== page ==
A Weakened Bush Meets with Other World Leaders at the G8
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At the G8 Summit which opens tomorrow, George Bush faces a tough sell for his global warming proposal, particularly from Germany's new conservative leader, a natural ally who has a plan of her own. At home, the President's approval ratings are low, and even his conservative supporters are angry at him over his immigration bill. What's a lame-duck president to do? Also, Scooter Libby gets 30 years for his role in the Valerie Plame case and, on Reporter's Notebook, the war that re-shaped the Middle East started forty years ago today. Sara Terry guest hosts.
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Libby Sentenced to 30 Months in CIA Leak Case ()
Lewis “Scooter” Libby, was sentenced to two and a half years in prison today for lying and his role in obstructing an investigation into the leak of the identity of a CIA operative. The presiding judge also imposed a fine of $250,000 on Vice President Dick Cheney’s former chief-of-staff, as well as a two-year probation following his release from prison. Investigative reporter Murray Waas is the author of The United States v. I. Lewis Libby.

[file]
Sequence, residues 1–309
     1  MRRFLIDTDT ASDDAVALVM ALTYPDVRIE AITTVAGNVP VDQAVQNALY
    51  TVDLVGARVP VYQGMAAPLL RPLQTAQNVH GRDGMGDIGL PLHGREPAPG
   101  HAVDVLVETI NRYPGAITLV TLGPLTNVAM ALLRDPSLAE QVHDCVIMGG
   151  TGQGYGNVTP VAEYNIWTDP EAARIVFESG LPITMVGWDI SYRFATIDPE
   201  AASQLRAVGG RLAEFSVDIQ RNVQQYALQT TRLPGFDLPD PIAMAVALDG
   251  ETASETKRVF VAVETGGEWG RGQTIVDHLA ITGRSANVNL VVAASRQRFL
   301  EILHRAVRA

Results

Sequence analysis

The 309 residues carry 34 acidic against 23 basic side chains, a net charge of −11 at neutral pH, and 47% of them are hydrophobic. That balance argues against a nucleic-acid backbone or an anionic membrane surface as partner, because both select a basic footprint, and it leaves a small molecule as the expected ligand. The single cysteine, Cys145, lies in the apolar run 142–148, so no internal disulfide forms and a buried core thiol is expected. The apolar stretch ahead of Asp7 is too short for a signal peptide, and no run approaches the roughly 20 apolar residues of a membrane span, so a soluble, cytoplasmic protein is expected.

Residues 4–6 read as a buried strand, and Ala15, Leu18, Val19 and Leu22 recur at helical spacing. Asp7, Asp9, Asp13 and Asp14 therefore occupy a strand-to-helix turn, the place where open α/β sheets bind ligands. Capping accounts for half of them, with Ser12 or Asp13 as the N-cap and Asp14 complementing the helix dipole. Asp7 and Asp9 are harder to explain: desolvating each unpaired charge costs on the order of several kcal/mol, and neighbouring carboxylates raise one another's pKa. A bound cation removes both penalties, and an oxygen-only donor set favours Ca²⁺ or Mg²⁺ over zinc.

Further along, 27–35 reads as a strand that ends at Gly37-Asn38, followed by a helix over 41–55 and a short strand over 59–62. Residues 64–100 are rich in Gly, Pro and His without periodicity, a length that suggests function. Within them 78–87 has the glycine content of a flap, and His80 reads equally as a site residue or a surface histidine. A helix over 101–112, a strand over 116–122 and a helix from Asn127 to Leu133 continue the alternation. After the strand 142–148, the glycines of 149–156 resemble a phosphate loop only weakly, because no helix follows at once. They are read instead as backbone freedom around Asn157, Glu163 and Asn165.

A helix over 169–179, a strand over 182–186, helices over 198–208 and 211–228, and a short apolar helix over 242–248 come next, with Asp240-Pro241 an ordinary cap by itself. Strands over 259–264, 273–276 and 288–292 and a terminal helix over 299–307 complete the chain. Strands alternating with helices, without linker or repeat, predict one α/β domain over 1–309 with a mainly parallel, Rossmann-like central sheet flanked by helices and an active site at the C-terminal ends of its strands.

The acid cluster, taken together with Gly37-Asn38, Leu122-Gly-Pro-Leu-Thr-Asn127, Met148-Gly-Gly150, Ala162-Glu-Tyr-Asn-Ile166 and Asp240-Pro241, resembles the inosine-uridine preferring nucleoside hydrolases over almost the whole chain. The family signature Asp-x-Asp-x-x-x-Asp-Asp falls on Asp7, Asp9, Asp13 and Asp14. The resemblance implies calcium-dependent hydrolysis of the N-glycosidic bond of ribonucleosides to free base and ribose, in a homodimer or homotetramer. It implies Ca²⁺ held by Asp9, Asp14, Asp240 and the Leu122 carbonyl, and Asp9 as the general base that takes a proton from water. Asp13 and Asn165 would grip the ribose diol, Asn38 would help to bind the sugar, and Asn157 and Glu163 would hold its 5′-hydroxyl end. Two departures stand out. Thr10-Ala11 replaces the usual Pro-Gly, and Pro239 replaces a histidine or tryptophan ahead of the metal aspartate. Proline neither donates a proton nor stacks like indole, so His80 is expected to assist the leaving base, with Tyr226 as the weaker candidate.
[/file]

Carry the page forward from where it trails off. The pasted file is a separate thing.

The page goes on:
- Murray Waas: Investigative reporter
Can President Bush Score during His Lame-Duck Years? ()
President Bush is facing some of his most difficult political days in the White House, confronted by tough audiences at home and abroad. In Europe for the G8 Summit, which starts tomorrow, the President already is facing criticism for his proposal on global warming. With new leaders in Europe, will Bush be able to form new political alliances? Can he count on traditional alliances? On the home front, with Democrats in control of Congress and conservatives angry over his immigration bill, will he be able to score any domestic political successes in the final years of his presidency? What does the history of presidential lame-duck years tell us about what the future may hold for George Bush?
- Douglas Murray: Director of the Centre for Social Cohesion
- Michael Naumann: Former German Minister of Culture
- Jim VandeHei: Executive Editor, Politico
- Stephen Hess: Senior Fellow Emeritus at the Brookings Institution
Forty Years after the Six-Day War ()
On June 5, 1967, with Egyptian troops massed in the Sinai, Israel launched what's been called a war of self-defense. The conflict began when Israeli forces launched air strikes that destroyed much of Egypt's air power while it was still on the ground. Six days later, Israel had defeated the armies of Egypt, Jordan and Syria, and had captured territories that made the nation three times larger than it was when the war began. Social scientist Shibley Telhami and journalist Yossi Klein Halevi reflect on the conflict that continues to drive daily politics in the Middle East today.
- Shibley Telhami: Anwar Sadat Professor for Peace and Development at the University of Maryland
- Yossi Klein Halevi: Israel Correspondent, New Republic
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